I never thought I’d get the chance to build out something and make it mine, but here I am with my own tiny home. It’s taken about 6 months to get it ready enough to move in. There were set backs and catching covid—I’m okay, don’t worry—but it’s finally ready. There will still be a few cosmetic things to finish out, but the time to sell the big RV and move into the tiny house has finally come.
We started with a blank 14×32 shed. We originally planned to build from the ground up, but with the cost of lumber and the crazy wet spring, we had to order a pre-built shed to fit in with our move date. We made sure to get insulated floors, double pane windows, a nice front door and a wood stove pipe already installed. It saved us a lot of build time to buy prefabricated.
If this is what you are interested in doing, be sure to check out your local small shed builders, so you can support small business in your area. Also be sure to check zoning laws to know if you are allowed to build out a tiny home on your property. Little tip before you speak with a builder; if you go this route, you’ll need the floor thicker to support any stoves, tubs, and refrigerators you’ll be putting inside the home on top of everything else. That’s a lot of weight for the floor beams to hold, so make sure you have a good foundation.
Everything inside the home is placed and built to move. Once we get our own property, instead of living on family land, we can have the tiny home moved. The electrical and plumbing are similar to an RV. We can plug in our home. The water is heated with propane and our cooking stove uses it as well. Add in a split mini with the wood stove and we’re ready for all season living or potentially off grid too.
We’ll be living in the space very soon. One major thing to remember about propane water heaters is that you must have good ventilation and the right unit for inside the home. The wrong unit or improper venting can cause serious injury or death! Hire out for plumbing, electrical and propane installation if you do not have experience and have everything inspected by a professional, just to be safe. We received a faulty shower valve, so that set back our move-in date about a week and more plumbing work to do. *eye roll.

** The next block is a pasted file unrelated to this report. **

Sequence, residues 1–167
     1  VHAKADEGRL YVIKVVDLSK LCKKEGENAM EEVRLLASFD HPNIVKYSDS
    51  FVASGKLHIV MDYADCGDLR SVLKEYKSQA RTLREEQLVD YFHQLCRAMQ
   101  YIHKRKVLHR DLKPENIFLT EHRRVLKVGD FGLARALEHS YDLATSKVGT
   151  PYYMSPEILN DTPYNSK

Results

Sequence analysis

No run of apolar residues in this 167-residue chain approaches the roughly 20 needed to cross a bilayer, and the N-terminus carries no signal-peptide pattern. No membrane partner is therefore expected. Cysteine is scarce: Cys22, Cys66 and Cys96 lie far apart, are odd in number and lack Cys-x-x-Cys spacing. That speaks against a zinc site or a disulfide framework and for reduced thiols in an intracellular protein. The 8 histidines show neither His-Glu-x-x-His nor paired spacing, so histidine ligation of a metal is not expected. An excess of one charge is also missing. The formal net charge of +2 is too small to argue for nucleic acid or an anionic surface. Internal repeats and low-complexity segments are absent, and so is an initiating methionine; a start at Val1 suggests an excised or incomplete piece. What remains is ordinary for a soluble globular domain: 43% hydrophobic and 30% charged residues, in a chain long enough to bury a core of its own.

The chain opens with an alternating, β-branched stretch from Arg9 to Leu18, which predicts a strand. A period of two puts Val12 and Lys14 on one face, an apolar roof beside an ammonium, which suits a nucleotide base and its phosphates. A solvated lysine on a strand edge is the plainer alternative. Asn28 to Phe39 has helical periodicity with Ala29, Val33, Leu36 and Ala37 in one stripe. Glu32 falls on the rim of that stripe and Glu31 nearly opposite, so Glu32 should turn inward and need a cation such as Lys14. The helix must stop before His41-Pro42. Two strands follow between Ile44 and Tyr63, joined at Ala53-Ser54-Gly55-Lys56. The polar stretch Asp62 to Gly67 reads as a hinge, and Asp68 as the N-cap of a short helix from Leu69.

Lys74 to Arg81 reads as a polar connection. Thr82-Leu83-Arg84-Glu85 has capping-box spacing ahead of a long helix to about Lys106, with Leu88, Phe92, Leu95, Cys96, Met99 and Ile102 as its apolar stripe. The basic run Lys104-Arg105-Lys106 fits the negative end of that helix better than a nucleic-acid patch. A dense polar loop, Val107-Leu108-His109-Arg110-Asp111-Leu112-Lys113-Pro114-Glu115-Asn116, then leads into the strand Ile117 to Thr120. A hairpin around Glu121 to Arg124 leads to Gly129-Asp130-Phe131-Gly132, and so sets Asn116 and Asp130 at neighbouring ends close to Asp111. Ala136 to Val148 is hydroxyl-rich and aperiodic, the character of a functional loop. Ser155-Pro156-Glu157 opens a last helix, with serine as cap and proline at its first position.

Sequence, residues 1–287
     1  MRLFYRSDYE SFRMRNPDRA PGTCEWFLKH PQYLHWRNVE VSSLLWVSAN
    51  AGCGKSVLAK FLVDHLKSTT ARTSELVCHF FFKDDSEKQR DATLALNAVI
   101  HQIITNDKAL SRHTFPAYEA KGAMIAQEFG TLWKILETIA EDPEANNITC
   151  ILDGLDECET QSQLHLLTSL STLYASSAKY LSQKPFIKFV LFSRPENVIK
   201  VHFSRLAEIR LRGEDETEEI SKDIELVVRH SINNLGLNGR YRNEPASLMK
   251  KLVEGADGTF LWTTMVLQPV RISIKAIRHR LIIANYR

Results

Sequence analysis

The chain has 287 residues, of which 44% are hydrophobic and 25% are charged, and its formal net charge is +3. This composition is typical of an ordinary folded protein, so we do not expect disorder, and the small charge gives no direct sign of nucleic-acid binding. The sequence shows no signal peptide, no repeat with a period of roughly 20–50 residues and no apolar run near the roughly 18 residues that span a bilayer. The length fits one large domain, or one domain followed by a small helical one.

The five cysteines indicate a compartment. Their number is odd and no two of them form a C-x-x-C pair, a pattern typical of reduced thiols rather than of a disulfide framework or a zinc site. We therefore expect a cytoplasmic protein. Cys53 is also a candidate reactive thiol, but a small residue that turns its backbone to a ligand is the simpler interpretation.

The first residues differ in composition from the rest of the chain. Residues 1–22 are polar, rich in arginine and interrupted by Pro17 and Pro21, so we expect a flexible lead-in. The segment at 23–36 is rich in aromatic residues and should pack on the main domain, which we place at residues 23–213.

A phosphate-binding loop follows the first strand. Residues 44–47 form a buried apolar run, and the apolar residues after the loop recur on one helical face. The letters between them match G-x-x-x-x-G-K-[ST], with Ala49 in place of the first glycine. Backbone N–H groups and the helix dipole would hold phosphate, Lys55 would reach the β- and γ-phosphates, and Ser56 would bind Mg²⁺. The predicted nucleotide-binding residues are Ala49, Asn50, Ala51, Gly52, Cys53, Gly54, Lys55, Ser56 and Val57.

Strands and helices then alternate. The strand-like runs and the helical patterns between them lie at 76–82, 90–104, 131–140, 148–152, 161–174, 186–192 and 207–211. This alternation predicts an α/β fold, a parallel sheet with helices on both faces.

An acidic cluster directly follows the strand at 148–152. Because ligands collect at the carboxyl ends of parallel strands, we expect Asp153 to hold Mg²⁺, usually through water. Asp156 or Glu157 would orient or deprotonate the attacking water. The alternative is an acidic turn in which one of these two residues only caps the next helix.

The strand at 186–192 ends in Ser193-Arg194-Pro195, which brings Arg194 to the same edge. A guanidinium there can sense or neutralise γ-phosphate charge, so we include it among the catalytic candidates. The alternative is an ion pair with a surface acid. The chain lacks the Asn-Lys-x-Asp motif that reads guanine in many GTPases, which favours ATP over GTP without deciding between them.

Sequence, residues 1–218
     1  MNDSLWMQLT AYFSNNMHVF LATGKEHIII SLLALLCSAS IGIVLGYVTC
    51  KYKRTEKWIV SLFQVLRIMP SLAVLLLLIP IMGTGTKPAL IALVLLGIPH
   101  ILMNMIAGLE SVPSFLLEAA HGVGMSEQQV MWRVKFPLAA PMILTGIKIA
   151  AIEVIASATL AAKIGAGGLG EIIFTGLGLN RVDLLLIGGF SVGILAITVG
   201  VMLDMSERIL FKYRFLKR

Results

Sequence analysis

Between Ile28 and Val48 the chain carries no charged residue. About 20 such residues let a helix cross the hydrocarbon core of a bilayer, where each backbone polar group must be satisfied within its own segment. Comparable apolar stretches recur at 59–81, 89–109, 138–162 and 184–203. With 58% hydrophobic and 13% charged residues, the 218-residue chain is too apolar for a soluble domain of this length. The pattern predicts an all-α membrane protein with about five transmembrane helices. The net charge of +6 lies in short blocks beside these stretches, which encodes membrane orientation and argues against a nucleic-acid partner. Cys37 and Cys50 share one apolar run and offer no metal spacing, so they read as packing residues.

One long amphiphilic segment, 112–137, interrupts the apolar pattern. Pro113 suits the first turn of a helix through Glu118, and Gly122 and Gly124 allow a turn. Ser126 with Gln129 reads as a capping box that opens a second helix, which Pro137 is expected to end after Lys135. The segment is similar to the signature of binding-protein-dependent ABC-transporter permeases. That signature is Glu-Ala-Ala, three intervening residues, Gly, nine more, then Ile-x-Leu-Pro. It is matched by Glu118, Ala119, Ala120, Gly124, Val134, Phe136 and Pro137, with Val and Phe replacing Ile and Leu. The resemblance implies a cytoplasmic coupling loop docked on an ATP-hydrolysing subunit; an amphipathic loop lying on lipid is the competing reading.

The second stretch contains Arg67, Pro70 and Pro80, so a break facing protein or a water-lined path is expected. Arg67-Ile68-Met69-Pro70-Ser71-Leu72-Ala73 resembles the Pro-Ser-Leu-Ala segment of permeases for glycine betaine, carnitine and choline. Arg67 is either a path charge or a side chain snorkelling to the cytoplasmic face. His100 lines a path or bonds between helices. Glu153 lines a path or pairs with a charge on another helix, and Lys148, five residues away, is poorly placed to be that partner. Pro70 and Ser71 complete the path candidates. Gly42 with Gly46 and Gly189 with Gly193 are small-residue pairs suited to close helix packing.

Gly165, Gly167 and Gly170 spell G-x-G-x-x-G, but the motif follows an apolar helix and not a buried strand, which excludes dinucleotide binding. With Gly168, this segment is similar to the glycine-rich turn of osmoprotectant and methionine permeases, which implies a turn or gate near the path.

So what’s the skinny on costs? That’s why you’re here right? How much for this little life? How much did we spend in the middle of supply issues and record high inflation? Around $40,000. Yikes!! My poor bank account!! But, before you panic, if you could find land and a home that fits your exact needs for under 100k, wouldn’t you jump on the chance to buy it? Especially in this whacked out, overpriced market? That’s why we did this. The economy is uncertain and we want to find a way to keep moving forward towards our end goal of our own farm. All we need now is the land!
If you plan to build out your own tiny home, remember no matter how stressful it seems, it’s worth it in the end. And yes, I cried a lot during this build because, sometimes, shit happens and it’s frustrating as hell. But it’s worth it. We’ll have more financial freedoms and a steady homebase for us to return to when we go on adventures—hopefully in another smaller RV.
Stay tuned for more tiny home fun and later, starting the farm and searching for another (smaller) adventure RV! Until next time, keep them boots wandering!